Artery disease can restrict normal blood flow and impair artery function, and is a common cause of poor circulation. People with a relatively high dietary intake of antioxidant compounds -- including some vitamins -- as part of a healthy diet containing fruits, vegetables and whole grains, may be at lower risk of developing disease in the heart arteries. Additionally, large supplemental doses of B vitamins such as folic acid and niacin are being investigated for treating poor circulation and improving artery function and blood flow. Large vitamin doses should only be taken under medical supervision, however.
Causes of Poor Circulation
Accumulation of fatty and degenerative plaque in artery walls can lead to artery narrowing and a type of artery disease called atherosclerosis -- one of the most common causes of poor circulation. Atherosclerosis in heart arteries can lead to a heart attack. In the carotid arteries of the neck that feed the brain, it may lead to cerebrovascular disease and stroke. Peripheral artery disease causes poor circulation in areas other than the heart and brain. Diabetes and abnormalities in fat and sugar metabolism are risk factors for atherosclerosis. One apparent mechanism for artery disease is called oxidative stress. It involves formation of compounds such as free radicals and oxidized fats in artery walls.
Vitamins C and E, as well as alpha- and beta-carotene, are antioxidant vitamins that could help reduce oxidative stress in artery walls. Clinical studies of the effects of supplemental use of antioxidant vitamins on artery disease have shown mixed results, however. For example, daily supplementation with 272 IU vitamin E plus 500 mg slow-release vitamin C for 6 years was shown to slow plaque development in carotid arteries, according to a study published in the February 25, 2003 issue of “Circulation.” In contrast, a study published in the February 18, 2004 issue of “Journal of the American College of Cardiology” found that supplementing the diet with 800 IU vitamin E plus 1,000 mg vitamin C daily for 6 months did not improve artery function in people with atherosclerosis. Supplementing the diet with antioxidant vitamins has not shown a clear benefit for reducing the risk of death from heart attack and stroke, according to the American Heart Association.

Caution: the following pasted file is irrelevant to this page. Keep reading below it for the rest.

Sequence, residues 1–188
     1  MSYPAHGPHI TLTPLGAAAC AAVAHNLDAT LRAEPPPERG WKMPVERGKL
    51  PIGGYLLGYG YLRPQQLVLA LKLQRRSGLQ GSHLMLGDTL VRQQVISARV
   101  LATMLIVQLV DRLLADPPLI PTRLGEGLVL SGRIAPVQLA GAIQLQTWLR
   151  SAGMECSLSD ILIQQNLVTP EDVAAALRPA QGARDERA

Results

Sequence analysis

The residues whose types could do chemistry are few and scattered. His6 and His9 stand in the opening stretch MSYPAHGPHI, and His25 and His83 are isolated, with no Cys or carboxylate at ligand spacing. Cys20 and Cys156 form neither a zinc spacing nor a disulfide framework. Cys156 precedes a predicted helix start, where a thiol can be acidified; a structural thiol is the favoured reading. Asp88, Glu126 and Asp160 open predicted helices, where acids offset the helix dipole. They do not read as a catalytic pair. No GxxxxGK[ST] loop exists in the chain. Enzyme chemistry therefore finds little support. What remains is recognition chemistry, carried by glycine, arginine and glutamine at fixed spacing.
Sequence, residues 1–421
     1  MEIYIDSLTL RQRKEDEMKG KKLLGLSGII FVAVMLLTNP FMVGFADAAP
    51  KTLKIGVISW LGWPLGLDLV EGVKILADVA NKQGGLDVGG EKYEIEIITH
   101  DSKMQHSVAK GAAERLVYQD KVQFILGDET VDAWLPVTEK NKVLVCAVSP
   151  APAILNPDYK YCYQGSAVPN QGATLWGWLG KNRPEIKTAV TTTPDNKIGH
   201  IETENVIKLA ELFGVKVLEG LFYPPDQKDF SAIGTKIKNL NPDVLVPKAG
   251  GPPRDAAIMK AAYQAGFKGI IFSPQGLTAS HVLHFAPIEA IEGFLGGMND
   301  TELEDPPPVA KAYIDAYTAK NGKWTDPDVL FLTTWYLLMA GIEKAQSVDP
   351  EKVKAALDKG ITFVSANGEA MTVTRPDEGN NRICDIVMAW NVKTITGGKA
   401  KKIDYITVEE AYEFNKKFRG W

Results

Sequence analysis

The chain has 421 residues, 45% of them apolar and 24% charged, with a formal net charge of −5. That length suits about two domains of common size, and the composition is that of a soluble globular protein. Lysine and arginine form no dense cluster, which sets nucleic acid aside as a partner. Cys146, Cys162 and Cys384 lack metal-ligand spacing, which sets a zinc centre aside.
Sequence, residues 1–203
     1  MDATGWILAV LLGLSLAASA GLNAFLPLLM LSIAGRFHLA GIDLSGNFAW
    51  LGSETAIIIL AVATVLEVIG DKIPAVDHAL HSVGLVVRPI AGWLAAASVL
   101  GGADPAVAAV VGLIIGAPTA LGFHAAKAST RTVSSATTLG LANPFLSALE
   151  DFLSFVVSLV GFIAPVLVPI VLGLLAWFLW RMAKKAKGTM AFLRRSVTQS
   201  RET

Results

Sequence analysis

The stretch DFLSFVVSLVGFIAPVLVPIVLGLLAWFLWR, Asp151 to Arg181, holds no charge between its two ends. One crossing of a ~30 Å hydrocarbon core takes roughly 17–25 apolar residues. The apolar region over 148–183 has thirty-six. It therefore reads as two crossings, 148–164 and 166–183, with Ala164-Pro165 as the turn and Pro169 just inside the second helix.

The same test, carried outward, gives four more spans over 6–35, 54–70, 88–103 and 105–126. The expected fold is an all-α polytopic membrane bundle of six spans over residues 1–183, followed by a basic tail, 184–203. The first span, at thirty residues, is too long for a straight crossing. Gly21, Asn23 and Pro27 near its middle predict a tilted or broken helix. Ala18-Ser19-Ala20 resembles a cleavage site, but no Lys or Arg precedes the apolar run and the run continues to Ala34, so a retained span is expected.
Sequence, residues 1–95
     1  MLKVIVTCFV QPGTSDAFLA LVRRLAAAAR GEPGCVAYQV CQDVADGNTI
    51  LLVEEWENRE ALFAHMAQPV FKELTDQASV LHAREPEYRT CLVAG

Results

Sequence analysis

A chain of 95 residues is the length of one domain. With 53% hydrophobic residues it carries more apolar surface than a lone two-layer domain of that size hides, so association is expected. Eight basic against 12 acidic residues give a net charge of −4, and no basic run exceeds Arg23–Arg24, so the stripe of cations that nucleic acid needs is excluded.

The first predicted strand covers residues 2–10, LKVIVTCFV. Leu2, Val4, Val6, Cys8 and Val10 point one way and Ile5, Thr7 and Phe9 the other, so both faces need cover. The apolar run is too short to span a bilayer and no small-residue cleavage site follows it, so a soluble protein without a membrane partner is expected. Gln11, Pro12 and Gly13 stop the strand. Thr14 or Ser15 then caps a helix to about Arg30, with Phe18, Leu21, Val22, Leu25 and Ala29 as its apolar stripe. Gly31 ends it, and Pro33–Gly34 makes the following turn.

Artery disease can produce a loss of artery flexibility and reduced ability to expand, or dilate, with increases in blood flow. Experimental studies performed with tissues cultured outside the body indicate that folic acid enhances production of nitric oxide -- a compound that helps arteries to dilate -- in response to increased blood flow. Folic acid may also help lower artery tissue oxidative stress associated with atherosclerosis. An analysis of 14 clinical studies that was published in the September 2007 issue of “The American Journal of Clinical Nutrition” found that very high doses of 5 to 10 g folic acid/day for at least 4 weeks may improve artery dilation function.
Relatively large doses of niacin, or vitamin B3, are also being investigated for treating artery disease. A study appearing in the November 3, 2009 issue of “Journal of the American College of Cardiology” reported that 2 g niacin daily for 12 months reduced plaque formation in carotid arteries of people who were also taking statin drugs. In people with type 2 diabetes who were also taking statin drugs, 1.5 g niacin/day for 3 months was found to improve wrist artery dilation function, according to a study published in the January 5, 2010 issue of “Circulation.”